This 404 thing is not at all surprising from a company so greedy, they actually peddle TV's and phones to their customers: http://www.optimum.com/store/index.jsp

(And yes, I didn't just come across this site - there was a commercial for it)

Charter Communications (1)

duplicate-nickname (87112) | more than 5 years ago | (#25203645)

We started seeing this with Charter in the midwest. Not the 404 errors, but with invalid domain names. The biggest problem for us has been with our VPN software. When our employees are working from home, Charter always returns a valid IP for our internal DNS zones so the DNS lookups are never forwarded over the VPN.

I hope their additional advertising revenue makes up for the lost customers.

Re:Charter Communications (3, Informative)

carambola5 (456983) | more than 5 years ago | (#25204351)

A laughable example of how poorly implemented the Charter DNS error is:

http://flickr.com/photos/listrophy/2194252038/ [flickr.com]

Things to note:

  • This is an image of the opt-out result.
  • The browser running is Flock on OS X.
  • The result is a fake IE DNS error page with a "Manage Opt-in/Out Settings" link appended.
  • Charter was too lazy to even fix the image src attributes. (they point to res://...)
  • It's not a true opt-out, because it still returns a 200 OK rather than a DNS Lookup error.

For this and many other things, I have since stopped using Charter. My soul feels so much cleaner now that I'm not giving them money.

OpenDNS does this (3, Interesting)

fprintf (82740) | more than 5 years ago | (#25203659)

I just redirected my DNS queries to OpenDNS, mostly because of the content/phishing filtering they offer but also some of the statistics on my connection. They make their money, or propose to, by doing this very thing... redirecting Domain Not Found error messages to ad supported pages.

Re:OpenDNS does this (2, Interesting)

geminidomino (614729) | more than 5 years ago | (#25203863)

They make their money, or propose to, by doing this very thing... redirecting Domain Not Found error messages to ad supported pages.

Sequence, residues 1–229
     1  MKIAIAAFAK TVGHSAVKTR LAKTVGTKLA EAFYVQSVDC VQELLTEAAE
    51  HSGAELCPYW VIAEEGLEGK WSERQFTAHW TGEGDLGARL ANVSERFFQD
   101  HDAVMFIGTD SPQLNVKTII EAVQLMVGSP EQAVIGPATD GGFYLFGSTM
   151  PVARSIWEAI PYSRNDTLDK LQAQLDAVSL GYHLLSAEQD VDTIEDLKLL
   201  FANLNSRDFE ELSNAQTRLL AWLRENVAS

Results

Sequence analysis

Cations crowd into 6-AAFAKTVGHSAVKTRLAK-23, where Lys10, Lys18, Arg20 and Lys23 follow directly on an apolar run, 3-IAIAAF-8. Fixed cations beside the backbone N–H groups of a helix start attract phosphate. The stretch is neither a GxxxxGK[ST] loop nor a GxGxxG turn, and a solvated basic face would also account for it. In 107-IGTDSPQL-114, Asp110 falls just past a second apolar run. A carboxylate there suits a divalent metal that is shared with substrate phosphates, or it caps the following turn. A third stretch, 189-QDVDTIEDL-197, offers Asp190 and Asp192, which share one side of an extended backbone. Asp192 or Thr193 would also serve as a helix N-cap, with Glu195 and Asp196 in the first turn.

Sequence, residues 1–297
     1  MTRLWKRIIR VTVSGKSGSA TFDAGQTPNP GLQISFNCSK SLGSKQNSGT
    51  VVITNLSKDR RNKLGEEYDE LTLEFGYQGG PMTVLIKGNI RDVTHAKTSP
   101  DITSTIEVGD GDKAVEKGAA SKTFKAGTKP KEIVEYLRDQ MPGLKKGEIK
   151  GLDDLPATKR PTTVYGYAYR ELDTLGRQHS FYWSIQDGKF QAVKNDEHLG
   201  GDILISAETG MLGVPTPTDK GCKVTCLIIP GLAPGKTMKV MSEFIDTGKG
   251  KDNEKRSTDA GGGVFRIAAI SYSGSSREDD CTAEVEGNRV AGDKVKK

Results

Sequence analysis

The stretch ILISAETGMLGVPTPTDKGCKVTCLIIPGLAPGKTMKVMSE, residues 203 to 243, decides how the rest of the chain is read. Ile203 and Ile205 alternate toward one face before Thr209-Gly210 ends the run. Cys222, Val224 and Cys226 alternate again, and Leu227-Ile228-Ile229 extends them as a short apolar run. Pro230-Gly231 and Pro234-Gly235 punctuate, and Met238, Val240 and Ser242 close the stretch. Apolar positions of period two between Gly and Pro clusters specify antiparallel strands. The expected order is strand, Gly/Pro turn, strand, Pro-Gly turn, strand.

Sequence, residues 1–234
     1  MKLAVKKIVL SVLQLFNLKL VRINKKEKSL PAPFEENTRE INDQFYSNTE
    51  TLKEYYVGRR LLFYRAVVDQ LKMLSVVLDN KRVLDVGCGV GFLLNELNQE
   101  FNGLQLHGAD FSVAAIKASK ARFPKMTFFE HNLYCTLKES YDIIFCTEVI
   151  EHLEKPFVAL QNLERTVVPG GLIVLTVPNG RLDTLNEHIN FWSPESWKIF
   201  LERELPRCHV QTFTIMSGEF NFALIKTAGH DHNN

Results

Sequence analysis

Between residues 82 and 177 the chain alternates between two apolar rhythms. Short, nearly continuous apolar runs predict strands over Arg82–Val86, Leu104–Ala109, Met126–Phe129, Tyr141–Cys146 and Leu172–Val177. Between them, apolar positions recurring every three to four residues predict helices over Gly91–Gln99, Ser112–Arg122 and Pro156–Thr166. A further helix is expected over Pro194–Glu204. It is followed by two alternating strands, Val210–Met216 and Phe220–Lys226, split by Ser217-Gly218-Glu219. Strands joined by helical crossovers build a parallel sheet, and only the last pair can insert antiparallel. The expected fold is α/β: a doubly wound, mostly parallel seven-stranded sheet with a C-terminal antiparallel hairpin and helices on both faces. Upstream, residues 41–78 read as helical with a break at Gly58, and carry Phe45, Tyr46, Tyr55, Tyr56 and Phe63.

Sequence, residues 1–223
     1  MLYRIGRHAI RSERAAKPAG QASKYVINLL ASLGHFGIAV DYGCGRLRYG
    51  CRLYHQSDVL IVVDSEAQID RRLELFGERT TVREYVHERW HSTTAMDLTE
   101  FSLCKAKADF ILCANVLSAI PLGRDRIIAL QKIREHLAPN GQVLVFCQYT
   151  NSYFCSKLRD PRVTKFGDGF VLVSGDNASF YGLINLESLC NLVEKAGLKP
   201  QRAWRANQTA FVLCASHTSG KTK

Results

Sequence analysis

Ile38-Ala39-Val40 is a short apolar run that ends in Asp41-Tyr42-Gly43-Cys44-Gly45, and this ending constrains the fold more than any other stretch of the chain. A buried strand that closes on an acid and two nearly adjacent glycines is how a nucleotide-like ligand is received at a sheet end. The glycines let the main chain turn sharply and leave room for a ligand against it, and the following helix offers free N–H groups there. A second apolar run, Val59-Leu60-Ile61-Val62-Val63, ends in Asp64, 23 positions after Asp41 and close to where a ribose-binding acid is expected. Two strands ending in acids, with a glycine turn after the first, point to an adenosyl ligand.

If that's the case then, regardless of how ethical or up-front they may be about it, then they are unsuitable for certain uses. Ran into this when earthlink started doing this crap and I was running a dnsbl for my own mail server, with forwarding set to one of ELN's DNS servers. Suddenly nothing came through. It was because everything was coming back as a hit.

Re:OpenDNS does this (1)

JustinOpinion (1246824) | more than 5 years ago | (#25203899)

A crucial difference is that OpenDNS is opt-in, whereas when an ISP does it, it becomes an opt-out situation (or, more likely, a "deal with it" situation).

OpenDNS provides a service (robust lookup, filtering, etc.), with a well-established downside (ads on DNS lookup errors). If you like the deal, you can use OpenDNS. If you don't like the deal (e.g. you rely on proper DNS failures), then you don't use it.

The real problem occurs when all the default DNS servers do ad-redirecting. Then it will become impossible to actually check for lookup errors. Part of an ISP's job (in my opinion) is to provide unfiltered DNS access. (OpenDNS is not an ISP).

Re:OpenDNS does this (0)

Anonymous Coward | more than 5 years ago | (#25203937)

The difference is you opt into OpenDNS, you don't into Comcast.

Verizon has been doing the same for awhile now too. For those who don't know you can opt out of it by changing the last digits of the DNS servers to 14.

   

Re:OpenDNS does this (0)

Anonymous Coward | more than 5 years ago | (#25204077)

Odd. I have Verizon. No such issue. Or are you full of shit?

Re:OpenDNS does this (1)

hairyfeet (841228) | more than 5 years ago | (#25203947)